Mary Behrend once gave her oldest grandson a piece of advice about speaking in public: “Keep it short,” she said.
On Oct. 24, Richard Sayre told the audience gathered for the unveiling of the new student-designed Mary Behrend Monument at Penn State Behrend that he was reminded of his grandmother’s words and would honor their spirit, but wanted to share two anecdotes that illustrated her lifelong commitment to giving.
The first, Sayre said, started after Mary donated her summer home and farm to Penn State. She moved to Connecticut, where she took up the hobby of buying dilapidated doll houses. After repairing and refurbishing a house, Mary would write a short story about each room. When the decorating and writing were complete, Mary donated the houses and their accompanying narrative to charity auctions.
Then, at the age of 83, Mary founded Greenwich’s Golden Ring Society, which hosted afternoon parties in her backyard for older people who might be lonely. Sayre said it was typical that his grandmother, “even into her 80s, worried about people in their 60s and 70s who wouldn’t have enough to do on a Sunday afternoon.”
Sayre’s remarks underlined what the audience already knew: Mary Behrend always was thinking of others.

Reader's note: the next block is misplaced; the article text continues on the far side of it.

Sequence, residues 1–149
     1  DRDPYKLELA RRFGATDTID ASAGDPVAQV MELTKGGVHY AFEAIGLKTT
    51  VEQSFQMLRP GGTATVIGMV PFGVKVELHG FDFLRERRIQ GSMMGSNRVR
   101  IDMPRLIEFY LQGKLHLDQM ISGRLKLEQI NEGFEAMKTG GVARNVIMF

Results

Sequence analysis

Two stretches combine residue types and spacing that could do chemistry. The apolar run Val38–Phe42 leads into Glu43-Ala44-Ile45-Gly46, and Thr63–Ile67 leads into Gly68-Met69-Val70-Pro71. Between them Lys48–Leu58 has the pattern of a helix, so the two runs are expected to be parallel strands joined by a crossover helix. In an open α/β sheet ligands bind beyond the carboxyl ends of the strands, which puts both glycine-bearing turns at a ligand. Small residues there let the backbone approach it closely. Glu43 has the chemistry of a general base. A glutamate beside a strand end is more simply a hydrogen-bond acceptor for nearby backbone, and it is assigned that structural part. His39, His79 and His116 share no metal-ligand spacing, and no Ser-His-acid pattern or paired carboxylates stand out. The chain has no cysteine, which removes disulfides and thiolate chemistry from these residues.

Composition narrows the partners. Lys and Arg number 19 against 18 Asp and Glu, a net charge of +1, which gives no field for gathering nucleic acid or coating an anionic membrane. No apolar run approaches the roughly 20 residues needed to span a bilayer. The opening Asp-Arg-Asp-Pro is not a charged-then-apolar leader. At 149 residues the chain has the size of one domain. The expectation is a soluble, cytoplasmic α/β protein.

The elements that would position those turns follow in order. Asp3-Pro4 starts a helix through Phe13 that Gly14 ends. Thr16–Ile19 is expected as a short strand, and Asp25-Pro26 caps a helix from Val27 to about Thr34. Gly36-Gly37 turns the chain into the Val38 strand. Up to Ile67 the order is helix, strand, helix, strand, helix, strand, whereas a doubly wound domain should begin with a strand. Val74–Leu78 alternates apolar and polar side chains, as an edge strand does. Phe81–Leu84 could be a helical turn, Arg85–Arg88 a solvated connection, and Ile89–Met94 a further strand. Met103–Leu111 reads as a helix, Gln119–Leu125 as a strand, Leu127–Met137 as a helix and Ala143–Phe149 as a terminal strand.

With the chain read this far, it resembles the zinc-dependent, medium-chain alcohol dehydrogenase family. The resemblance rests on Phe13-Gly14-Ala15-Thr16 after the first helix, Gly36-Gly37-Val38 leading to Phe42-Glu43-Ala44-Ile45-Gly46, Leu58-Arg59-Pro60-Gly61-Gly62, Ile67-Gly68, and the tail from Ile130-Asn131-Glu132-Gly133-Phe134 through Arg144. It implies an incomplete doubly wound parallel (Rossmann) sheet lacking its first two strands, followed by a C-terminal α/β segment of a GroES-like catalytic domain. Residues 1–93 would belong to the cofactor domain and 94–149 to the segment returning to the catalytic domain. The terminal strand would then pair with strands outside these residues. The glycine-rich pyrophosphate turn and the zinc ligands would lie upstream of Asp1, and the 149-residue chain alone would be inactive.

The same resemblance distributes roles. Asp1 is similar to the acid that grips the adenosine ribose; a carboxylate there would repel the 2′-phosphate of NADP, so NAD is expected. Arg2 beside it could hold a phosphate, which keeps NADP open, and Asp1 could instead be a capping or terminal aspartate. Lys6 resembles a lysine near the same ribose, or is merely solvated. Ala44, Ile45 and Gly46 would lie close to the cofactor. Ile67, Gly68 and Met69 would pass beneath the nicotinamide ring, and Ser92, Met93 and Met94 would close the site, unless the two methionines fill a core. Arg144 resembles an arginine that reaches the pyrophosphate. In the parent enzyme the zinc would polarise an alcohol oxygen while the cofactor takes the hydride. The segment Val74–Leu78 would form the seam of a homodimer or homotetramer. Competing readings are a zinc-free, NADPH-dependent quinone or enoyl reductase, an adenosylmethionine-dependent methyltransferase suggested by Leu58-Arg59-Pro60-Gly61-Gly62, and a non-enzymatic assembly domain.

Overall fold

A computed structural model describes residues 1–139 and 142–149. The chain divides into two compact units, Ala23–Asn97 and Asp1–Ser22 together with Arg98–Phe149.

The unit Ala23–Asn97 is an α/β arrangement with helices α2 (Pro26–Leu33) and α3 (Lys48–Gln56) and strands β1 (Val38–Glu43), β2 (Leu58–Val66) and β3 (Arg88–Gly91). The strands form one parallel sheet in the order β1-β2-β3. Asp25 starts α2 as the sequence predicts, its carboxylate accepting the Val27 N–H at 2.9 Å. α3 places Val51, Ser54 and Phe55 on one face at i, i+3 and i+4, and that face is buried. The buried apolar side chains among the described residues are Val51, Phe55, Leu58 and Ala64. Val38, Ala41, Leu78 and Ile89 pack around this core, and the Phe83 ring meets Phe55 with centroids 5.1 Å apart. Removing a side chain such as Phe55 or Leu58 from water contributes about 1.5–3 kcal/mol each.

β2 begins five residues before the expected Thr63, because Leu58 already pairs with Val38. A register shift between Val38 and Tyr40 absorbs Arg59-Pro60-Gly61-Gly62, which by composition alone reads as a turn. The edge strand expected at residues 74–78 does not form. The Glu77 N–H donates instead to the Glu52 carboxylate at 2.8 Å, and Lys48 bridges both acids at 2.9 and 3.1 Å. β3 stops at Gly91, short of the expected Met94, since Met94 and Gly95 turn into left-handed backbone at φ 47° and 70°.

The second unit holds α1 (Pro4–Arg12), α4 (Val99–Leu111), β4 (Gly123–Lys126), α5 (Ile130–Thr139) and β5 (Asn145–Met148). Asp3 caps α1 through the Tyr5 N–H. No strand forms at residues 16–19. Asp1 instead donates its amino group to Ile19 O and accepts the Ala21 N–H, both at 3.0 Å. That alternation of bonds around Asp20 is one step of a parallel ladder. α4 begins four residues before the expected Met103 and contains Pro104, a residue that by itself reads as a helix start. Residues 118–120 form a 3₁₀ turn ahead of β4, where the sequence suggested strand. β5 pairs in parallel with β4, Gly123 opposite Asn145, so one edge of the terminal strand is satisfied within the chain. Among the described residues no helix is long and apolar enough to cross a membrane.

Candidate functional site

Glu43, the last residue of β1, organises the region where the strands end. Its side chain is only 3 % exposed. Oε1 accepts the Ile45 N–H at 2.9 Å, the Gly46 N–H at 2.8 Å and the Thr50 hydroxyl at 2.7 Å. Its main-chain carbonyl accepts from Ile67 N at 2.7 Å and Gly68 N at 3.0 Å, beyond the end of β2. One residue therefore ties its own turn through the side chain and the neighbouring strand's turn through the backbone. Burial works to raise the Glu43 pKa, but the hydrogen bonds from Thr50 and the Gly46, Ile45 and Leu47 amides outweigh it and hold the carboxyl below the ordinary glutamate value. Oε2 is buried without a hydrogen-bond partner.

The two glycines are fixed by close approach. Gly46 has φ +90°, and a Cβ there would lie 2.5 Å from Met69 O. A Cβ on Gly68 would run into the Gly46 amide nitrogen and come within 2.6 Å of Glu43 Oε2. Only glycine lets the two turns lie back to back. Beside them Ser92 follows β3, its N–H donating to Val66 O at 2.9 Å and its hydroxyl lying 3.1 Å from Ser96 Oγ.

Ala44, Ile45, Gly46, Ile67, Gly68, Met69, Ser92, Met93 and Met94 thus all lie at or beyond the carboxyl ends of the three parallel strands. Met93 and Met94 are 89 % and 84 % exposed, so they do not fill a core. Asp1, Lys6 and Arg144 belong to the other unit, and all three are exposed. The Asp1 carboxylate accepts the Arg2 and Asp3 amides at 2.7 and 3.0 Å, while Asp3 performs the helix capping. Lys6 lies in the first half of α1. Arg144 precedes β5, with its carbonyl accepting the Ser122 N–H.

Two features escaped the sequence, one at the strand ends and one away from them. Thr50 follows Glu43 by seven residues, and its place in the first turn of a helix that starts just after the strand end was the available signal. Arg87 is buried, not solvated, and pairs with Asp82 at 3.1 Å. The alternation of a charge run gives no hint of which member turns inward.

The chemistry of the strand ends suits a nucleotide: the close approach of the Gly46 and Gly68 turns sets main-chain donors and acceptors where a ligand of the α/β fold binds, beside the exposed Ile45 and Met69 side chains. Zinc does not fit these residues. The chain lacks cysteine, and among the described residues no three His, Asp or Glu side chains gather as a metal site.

Mary’s 1948 donation of her summer home and farm to Penn State in memory of her late husband, Hammermill Paper Co. co-founder Ernst Behrend, allowed Penn State to establish a permanent presence in Erie. From 146 students at its opening 67 years ago this week, the campus has grown into a four-year and graduate college with an enrollment of 4,700.
Brennan Zanella ʼ13, one of the monument’s student designers, was part of the small group that in 2013 approached Ken Miller, senior director of Campus Planning and Student Affairs, with a plan for a tribute proportionate to Mary’s gift: a nine-foot granite centerpiece surrounded by benches, historical markers, gardens and inscribed pavers.
“My friends and I had been discussing the opportunities and resources we had at Behrend,” Zanella said in recounting for the dedication audience the group’s concern that Mary’s gift was not visibly acknowledged on campus. “Without this land we would not have met and had the experiences we did.”
The monument was primarily funded through the sale of inscribed walkway pavers. The students set them in concentric circles radiating from Mary’s etched portrait as a reminder of how her gift continues to grow in influence.